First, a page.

Airline shares are under pressure on Monday, weighed down by pessimistic news concerning the pace of both vaccine deployment and a new round of stimulus. There's hope 2021 will be better than 2020, but investors are under no delusion that the turnaround will be quick.
Spirit Airlines (NYSE:SAVE) fell as much as 5.8% midday on Monday, while shares of United Airlines Holdings (NASDAQ:UAL), American Airlines Group (NASDAQ:AAL), Southwest Airlines (NYSE:LUV), and JetBlue Airways (NASDAQ:JBLU) each fell more than 4% apiece.
The airline industry was devastated by the pandemic, only surviving because airlines were able to raise billions in cash to offset significant losses as travel demand disappeared. There's hope for better days in 2021, but that is going to require widespread vaccinations and a healthy economy.
The question is how long will it take until we get there, and on Monday investors are digesting mostly negative updates. Airlines joined the broader markets in reacting negatively to reports out of Washington that a much-anticipated second stimulus plan would be delayed, raising questions about what lies ahead for the U.S. economy.
Airlines were also reacting to a couple of reminders that even with the positive news surrounding a vaccine rollout, there is still a slow, difficult battle up ahead. Merck announced it was discontinuing its COVID-19 vaccine development program following disappointing data from early trials. Moderna, meanwhile, said that while its existing vaccine does confer a strong immune response to new strains of COVID-19, it is testing an additional booster to ensure maximum effectiveness.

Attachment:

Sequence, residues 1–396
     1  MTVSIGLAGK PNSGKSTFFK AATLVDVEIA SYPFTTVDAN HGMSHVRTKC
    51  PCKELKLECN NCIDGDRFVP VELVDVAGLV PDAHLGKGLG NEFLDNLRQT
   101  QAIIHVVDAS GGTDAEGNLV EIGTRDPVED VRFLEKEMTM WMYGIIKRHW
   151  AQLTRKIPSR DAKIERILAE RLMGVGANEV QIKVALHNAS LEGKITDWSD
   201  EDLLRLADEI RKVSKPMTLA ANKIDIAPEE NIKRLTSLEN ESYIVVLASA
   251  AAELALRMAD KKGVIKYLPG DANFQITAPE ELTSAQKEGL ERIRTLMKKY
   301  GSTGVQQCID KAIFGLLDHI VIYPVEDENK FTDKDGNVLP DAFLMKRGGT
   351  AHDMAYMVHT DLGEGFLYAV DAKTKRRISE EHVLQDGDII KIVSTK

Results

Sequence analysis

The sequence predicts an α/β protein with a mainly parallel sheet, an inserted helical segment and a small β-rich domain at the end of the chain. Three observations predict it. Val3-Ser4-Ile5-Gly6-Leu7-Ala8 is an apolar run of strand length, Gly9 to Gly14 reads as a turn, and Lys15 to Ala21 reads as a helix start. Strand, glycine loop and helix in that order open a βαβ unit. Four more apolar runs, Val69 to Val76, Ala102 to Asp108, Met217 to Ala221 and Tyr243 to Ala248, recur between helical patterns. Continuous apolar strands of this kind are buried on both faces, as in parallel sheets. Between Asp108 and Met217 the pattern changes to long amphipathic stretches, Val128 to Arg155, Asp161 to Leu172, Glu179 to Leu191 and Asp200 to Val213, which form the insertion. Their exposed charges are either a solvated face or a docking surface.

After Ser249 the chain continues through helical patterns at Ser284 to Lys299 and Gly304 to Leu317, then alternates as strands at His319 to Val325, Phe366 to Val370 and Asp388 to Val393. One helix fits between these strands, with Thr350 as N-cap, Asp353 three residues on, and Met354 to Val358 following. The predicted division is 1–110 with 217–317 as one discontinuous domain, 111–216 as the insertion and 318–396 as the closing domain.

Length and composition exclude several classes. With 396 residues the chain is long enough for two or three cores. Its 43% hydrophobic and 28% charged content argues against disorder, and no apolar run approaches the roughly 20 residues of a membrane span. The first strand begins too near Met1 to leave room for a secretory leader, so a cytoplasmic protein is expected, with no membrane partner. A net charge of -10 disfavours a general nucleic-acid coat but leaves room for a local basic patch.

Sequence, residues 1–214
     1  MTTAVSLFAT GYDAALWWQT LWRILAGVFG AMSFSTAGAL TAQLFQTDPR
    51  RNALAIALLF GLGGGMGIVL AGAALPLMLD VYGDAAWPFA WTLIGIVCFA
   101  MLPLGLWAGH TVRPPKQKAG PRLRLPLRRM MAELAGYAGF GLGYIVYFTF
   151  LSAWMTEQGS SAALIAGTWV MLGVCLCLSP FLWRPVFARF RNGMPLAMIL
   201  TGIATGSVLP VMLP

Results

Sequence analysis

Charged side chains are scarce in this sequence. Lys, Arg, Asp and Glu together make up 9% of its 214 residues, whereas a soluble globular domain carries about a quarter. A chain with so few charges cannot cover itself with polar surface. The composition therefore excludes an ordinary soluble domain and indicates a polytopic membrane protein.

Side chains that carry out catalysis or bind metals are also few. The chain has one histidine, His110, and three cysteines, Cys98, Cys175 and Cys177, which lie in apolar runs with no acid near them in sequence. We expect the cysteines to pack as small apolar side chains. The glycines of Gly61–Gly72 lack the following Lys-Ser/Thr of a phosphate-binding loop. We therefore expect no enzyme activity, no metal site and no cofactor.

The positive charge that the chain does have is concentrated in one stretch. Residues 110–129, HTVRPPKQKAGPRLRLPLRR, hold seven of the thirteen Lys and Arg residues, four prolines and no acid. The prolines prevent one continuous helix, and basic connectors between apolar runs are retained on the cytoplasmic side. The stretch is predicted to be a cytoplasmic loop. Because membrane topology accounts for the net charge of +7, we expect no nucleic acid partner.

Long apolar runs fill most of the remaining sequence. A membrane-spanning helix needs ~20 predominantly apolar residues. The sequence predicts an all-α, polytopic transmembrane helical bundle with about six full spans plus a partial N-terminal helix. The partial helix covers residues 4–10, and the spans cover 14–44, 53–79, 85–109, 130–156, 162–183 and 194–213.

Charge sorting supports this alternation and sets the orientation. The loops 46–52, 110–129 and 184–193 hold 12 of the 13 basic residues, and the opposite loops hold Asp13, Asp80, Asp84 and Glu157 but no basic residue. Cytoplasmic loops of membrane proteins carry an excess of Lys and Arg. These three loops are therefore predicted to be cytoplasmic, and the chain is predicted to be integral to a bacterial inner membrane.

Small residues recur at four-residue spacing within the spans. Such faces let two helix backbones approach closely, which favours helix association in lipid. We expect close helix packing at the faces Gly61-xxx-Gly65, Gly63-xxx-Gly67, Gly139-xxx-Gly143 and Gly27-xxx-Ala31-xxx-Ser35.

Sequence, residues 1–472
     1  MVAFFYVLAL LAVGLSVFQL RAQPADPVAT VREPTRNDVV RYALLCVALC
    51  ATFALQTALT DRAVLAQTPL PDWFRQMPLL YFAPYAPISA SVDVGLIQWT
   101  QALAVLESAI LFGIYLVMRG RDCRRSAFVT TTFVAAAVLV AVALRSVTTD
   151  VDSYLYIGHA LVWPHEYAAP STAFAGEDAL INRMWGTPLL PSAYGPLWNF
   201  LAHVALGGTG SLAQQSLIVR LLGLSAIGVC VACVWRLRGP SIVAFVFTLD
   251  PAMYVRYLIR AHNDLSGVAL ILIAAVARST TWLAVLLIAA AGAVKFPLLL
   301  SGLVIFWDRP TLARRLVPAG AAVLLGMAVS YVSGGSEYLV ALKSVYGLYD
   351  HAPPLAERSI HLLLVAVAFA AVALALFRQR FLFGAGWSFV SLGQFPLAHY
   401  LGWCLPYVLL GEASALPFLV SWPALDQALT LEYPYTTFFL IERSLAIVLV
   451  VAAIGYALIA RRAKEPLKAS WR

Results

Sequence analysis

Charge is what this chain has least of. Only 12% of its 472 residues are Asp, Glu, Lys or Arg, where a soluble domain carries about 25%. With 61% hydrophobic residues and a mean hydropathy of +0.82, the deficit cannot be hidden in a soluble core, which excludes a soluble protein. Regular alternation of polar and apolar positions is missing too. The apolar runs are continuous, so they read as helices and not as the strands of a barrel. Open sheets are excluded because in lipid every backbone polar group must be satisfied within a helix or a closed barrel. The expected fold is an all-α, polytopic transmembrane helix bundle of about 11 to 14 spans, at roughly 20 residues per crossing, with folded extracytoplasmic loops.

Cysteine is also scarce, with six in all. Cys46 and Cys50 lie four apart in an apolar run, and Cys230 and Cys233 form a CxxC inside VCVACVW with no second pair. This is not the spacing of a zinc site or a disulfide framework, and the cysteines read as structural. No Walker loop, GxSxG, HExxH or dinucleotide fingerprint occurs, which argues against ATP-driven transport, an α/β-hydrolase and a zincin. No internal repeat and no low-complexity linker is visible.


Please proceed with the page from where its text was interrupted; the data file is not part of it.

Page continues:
Neither of those headlines mean the bull case for a recovery is in jeopardy, but they are both setbacks. To get a recovery by next summer, we are going to need all the vaccine doses we can find, and Merck canceling its work means one less source of potential vaccines. And the Moderna headline, if nothing else, is a reminder that the vaccine is ever evolving and what seems like progress now could halt if additional shots are required.
Among the airlines, Spirit is expected to be one of the first to recover should leisure demand rebound in time for the summer vacation season. Any delays that might lead to another slow summer travel season take a lot of the wind out of the bull case for Spirit. Southwest, too, is expected to be among the first to recover, while United and American are two of the more vulnerable airlines that can least afford an extended downturn.
Interesting to note Delta Air Lines (NYSE:DAL), though down, is holding up better than most. Delta earlier in the month set an optimistic tone for the industry by calling 2021 a "year of recovery," and on Monday it said it is making plans to bring back some of the pilots taken off of active duty in the months to come.
The bottom line is that a recovery does appear to be at hand, but it is going to take most of 2021, if not longer, for conditions to normalize. Investors who want to buy in and wait out what is likely to be a choppy recovery should stick to top names like Delta and Southwest and do their best to block out the day-to-day headlines.